Were Sykes's guilty pleas made voluntarily?

Is there an adequate factual basis to support the guilty pleas?

Is Sykes's petition for postconviction relief timely?


An appellate court reviews a postconviction proceeding to determine whether the postconviction court's findings are supported by sufficient evidence. Roby v. State, 531 N.W.2d 482, 483 (Minn. 1995). A postconviction court's decision will not be disturbed absent an abuse of discretion. Id.


Sykes argues there was no "operative event" that took place within Minnesota that could constitute the essential elements of the crime of making terroristic threats. Thus, he argues that the district court lacked jurisdiction over the charged offenses. Principally, Sykes argues that neither the result nor the effect of his conduct on the victims constitutes an element of terroristic threats. Rather, he argues that both the result and the effect are merely circumstantial evidence relevant to the element of intent. Thus, he argues that result and effect cannot be used to establish jurisdiction. Sykes points out that the district court found jurisdiction to try the charged offenses because the phone calls were received in Minnesota and the letter was sent into Minnesota and received. Sykes argues that the district court erred because, according to Sykes, the crime, if any, was completed on English soil and thus, Minnesota has no jurisdiction.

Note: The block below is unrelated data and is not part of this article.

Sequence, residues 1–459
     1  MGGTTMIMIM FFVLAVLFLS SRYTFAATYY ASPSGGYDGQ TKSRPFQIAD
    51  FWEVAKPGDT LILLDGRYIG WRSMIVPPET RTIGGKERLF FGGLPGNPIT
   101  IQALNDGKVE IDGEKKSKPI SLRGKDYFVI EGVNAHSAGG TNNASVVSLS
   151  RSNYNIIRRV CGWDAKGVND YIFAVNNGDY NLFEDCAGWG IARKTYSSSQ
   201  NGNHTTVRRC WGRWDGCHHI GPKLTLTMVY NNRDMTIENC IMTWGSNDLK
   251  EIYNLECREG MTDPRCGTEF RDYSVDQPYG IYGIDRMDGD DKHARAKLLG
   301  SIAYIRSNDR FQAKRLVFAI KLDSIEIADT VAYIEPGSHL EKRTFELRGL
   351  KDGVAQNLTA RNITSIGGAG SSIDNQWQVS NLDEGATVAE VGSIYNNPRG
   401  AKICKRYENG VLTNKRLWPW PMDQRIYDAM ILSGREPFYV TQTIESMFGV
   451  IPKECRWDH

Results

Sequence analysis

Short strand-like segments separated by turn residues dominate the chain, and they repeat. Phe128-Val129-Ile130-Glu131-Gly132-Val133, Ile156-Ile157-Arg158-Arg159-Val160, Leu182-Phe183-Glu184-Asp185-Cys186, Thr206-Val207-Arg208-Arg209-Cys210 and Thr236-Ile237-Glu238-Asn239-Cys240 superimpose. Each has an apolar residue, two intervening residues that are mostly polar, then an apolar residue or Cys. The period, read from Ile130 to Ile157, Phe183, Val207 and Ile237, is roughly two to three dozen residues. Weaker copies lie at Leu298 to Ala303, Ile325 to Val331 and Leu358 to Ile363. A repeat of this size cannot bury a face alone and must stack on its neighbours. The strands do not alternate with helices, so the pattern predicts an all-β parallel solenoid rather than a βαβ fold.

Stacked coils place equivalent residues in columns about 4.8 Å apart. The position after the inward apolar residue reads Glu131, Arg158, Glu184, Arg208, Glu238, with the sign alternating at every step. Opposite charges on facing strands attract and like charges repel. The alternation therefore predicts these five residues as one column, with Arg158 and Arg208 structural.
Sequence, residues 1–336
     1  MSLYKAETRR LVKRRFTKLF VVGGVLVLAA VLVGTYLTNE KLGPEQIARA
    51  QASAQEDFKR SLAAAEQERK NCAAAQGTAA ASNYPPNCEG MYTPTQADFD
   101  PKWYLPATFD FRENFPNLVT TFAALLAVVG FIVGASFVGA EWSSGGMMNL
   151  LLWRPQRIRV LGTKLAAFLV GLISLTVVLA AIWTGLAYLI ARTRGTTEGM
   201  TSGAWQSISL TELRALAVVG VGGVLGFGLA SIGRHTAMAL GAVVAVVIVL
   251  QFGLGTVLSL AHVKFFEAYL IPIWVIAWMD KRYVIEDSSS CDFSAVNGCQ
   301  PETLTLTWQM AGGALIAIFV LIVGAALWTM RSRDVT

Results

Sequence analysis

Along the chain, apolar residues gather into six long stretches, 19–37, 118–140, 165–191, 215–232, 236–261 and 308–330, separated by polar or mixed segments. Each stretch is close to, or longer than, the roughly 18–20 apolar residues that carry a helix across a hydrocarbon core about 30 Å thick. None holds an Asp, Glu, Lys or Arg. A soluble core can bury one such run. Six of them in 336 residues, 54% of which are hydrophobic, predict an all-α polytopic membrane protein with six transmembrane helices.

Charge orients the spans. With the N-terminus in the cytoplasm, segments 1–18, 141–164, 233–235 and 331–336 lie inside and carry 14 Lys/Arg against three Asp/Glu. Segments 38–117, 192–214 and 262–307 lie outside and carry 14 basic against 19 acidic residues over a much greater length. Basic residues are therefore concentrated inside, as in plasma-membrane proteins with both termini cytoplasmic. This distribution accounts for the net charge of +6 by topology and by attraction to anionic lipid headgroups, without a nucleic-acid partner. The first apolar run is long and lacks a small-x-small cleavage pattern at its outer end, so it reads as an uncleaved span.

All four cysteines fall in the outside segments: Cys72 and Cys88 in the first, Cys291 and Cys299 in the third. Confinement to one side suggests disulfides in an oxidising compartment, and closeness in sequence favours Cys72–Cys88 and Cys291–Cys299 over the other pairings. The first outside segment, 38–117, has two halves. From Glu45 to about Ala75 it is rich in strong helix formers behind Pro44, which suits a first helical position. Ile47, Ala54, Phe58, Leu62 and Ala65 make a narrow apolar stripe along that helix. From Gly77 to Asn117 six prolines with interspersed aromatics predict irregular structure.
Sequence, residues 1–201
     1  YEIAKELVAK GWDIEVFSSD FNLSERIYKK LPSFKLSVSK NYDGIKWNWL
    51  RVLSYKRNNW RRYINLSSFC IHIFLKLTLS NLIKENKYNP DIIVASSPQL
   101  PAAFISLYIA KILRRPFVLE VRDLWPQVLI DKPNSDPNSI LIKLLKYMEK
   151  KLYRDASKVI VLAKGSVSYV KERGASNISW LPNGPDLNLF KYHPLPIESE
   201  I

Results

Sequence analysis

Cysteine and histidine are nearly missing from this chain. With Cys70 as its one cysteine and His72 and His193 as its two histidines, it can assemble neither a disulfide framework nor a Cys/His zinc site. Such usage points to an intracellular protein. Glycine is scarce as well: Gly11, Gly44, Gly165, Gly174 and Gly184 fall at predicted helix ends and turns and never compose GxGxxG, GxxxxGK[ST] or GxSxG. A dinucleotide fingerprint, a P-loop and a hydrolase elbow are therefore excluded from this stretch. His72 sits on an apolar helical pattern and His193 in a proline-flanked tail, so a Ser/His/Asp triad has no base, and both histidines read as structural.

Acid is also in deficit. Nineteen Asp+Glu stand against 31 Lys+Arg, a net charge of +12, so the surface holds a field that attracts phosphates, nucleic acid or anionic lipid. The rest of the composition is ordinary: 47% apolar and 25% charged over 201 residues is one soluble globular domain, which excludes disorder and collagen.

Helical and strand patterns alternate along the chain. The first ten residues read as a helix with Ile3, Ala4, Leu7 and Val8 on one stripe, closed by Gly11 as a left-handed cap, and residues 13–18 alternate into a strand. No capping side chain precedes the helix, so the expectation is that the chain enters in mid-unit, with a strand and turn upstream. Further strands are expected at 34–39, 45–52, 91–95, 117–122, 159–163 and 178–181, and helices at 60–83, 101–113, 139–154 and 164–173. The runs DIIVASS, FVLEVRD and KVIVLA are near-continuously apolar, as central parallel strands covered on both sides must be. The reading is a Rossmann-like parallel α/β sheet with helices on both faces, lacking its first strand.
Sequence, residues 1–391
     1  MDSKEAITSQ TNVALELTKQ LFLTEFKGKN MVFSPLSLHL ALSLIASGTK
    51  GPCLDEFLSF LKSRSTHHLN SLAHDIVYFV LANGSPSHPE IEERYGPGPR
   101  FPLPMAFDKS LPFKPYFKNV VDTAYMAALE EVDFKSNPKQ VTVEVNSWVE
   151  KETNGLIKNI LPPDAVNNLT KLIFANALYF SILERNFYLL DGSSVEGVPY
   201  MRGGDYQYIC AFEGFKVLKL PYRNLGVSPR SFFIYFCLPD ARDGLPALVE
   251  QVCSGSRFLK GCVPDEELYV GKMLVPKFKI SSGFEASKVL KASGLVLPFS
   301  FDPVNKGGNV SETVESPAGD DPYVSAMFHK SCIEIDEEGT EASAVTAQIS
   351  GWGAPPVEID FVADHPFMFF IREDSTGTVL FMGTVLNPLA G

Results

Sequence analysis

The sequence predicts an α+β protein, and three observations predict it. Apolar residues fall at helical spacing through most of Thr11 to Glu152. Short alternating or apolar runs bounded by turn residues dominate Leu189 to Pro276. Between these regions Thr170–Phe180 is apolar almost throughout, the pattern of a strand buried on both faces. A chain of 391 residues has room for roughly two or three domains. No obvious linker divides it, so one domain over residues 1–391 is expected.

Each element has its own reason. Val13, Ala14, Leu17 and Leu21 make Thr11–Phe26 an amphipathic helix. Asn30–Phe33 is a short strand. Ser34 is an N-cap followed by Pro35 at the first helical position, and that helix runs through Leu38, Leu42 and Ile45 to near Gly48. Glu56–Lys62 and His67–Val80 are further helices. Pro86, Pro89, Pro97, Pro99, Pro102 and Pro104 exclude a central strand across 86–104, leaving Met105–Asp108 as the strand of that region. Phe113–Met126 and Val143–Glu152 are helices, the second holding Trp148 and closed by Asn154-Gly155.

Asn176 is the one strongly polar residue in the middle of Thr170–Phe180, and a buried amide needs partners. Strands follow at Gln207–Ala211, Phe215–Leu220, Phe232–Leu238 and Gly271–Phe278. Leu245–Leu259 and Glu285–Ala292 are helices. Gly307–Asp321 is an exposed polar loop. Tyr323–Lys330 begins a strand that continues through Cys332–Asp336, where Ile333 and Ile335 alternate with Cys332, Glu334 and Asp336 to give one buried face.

On appeal, this court reviews jurisdictional questions de novo. State v. LaRose, 543 N.W.2d 426, 427 (Minn. App. 1996). "At common law the criminal jurisdiction of state courts was limited to crimes committed within the territorial boundaries of the state." State v. McCormick, 273 N.W.2d 624, 625 (Minn. 1978). Extraterritorial jurisdiction for Minnesota courts to hear and try criminal offenses has been expanded by Minn. Stat. § 609.025 (1996). This section provides in relevant part that:

A person may be convicted and sentenced under the law of this state if the person:
* * * *
(3) Being without the state, intentionally causes a result within the state prohibited by the criminal laws of this state.

Minn. Stat. § 609.025, subd. 3 (emphasis added).

Both the Minnesota and United States Constitutions embody the concept of territoriality. Article I, section 6 of the Minnesota Constitution provides the right to a trial in "the county or district wherein the crime shall have been committed, which county or district shall have been previously ascertained by law." The Sixth Amendment to the United States Constitution establishes the right to a trial in "the state and district wherein the crime shall have been committed." To withstand constitutional attack under the Minnesota and United States Constitutions, "some part of the crime charged must be 'committed' within the jurisdiction." State v. Smith, 421 N.W.2d 315, 319 (Minn. 1988). For a district court in Minnesota to have jurisdiction in this case, some part of the offense of terroristic threats had to be committed within the territorial boundaries of Minnesota.

The terroristic threat statute, under which Sykes was charged, provides that an individual is guilty of a felony if he or she

threatens, directly or indirectly, to commit any crime of violence with purpose to terrorize another or * * * to cause serious public inconvenience, or in a reckless disregard of the risk of causing such terror or inconvenience * * *.